Kensington Security Slot



A Kensington Security Slot (also called a K-Slot or Kensington lock) is a small hole found on almost all recent small or portable computer and electronics equipment, particularly on expensive and relatively light ones: laptops and LCDs, and even some larger electronics, such as many recent Dell PCs. It is used for attaching a lock, in particular those from Kensington Technology Group, who are its originators.

Locks are generally secured in place with a key or some mechanical PIN device and attached with a strong metal cable to some permanent object, such as a heavy table or other similar equipment.

Kensington locks aren't designed to be a solid protection measure. As computer equipment bodies are generally made of plastic or thin metal, the lock can be torn out, heavily damaging the body. However, potential thieves trying to resell such stolen equipment would probably fail to do so: the broken Kensington lock hole would give them away. The Kensington lock is a good solution for busy offices, but given enough time and/or proper tools, thieves can easily circumvent it.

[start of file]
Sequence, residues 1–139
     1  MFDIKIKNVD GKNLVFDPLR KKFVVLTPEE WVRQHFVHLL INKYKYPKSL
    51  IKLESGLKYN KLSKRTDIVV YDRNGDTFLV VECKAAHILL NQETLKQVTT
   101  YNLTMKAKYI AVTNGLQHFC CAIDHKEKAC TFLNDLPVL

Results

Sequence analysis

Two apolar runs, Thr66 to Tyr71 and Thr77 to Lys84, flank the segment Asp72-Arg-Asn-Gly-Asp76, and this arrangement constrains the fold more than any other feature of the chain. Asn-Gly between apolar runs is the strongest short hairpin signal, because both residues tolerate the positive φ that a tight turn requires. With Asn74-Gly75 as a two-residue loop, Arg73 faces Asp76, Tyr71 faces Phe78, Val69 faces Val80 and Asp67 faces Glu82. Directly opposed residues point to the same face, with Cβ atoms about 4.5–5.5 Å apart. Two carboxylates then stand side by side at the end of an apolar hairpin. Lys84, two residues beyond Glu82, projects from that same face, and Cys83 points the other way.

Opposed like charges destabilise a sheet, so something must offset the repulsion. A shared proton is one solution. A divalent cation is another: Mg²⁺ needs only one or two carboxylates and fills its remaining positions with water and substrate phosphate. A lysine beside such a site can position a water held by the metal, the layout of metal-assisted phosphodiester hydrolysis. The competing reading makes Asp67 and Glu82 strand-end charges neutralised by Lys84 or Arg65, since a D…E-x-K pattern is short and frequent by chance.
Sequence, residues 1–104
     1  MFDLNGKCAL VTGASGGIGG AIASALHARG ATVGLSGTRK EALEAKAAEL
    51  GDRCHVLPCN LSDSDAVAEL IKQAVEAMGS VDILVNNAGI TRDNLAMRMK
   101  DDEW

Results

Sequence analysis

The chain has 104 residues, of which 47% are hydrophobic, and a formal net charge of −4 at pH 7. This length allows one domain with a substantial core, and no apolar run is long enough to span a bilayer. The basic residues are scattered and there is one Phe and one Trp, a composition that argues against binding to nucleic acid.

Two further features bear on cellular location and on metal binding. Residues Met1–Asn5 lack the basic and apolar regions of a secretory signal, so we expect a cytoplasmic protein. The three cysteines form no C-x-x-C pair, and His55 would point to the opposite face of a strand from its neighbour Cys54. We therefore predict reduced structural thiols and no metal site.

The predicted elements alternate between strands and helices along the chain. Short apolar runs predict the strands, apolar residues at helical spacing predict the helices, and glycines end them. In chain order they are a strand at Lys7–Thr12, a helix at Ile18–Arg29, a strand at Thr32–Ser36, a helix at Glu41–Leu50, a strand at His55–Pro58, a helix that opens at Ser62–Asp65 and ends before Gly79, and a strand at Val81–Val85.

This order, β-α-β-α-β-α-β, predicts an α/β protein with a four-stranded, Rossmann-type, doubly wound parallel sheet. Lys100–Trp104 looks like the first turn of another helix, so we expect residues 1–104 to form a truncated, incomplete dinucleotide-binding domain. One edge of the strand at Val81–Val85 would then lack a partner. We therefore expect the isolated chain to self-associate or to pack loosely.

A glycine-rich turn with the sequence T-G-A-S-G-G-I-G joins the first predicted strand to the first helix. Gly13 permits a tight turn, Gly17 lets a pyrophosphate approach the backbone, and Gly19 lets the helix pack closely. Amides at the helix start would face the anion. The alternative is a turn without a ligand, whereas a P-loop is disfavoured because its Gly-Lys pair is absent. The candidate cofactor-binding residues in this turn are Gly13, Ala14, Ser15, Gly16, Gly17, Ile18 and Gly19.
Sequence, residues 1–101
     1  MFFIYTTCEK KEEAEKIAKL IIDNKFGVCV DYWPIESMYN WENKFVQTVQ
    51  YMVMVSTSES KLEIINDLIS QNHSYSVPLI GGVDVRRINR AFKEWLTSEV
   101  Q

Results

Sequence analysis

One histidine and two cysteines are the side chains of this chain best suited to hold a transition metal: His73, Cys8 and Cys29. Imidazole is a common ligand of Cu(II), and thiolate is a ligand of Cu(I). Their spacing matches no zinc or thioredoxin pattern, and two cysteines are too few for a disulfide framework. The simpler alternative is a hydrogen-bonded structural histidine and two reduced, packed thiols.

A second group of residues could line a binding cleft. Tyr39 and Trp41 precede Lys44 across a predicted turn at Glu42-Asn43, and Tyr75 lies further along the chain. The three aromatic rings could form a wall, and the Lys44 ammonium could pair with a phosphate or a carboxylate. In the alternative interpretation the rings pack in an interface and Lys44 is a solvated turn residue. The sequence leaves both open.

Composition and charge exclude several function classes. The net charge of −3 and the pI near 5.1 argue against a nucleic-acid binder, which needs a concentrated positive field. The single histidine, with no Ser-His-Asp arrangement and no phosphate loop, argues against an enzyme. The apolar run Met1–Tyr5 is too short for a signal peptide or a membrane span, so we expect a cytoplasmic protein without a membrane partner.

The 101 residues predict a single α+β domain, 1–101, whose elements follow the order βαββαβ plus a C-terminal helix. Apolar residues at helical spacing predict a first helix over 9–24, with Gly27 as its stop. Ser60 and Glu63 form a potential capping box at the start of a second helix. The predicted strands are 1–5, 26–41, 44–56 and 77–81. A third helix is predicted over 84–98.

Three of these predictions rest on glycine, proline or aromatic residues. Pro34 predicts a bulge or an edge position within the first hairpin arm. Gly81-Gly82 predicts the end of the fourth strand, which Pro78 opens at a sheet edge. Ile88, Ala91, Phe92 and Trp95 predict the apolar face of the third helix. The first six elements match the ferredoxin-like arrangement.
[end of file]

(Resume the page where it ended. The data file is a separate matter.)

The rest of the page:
Several manufacturers offer similar mechanisms that don't require a special lock hole. They attach to a popular port, such as the VGA or printer port and have special screws to secure locks in place. These mechanisms are more universal, but occupy one port, so they're used mostly when Kensington lock holes are not available.Permission is granted to copy, distribute and/or modify this document under the terms of the GNU Free Documentation License, Version 1.2 or any later version published by the Free Software Foundation; with no Invariant Sections, with no Front-Cover Texts, and with no Back-Cover Texts.
Virtual Magic is a human knowledge database blog. Text Based On Information From Wikipedia, Under The GNU Free Documentation License. Copyright (c) 2007 Virtual Magic. Permission is granted to copy, distribute and/or modify this document under the terms of the GNU Free Documentation License, Version 1.1 or any later version published by the Free Software Foundation; with no Invariant Sections, no Front-Cover Texts and no Back-Cover Texts. A copy of the license is included in the section entitled "GNU Free Documentation License".

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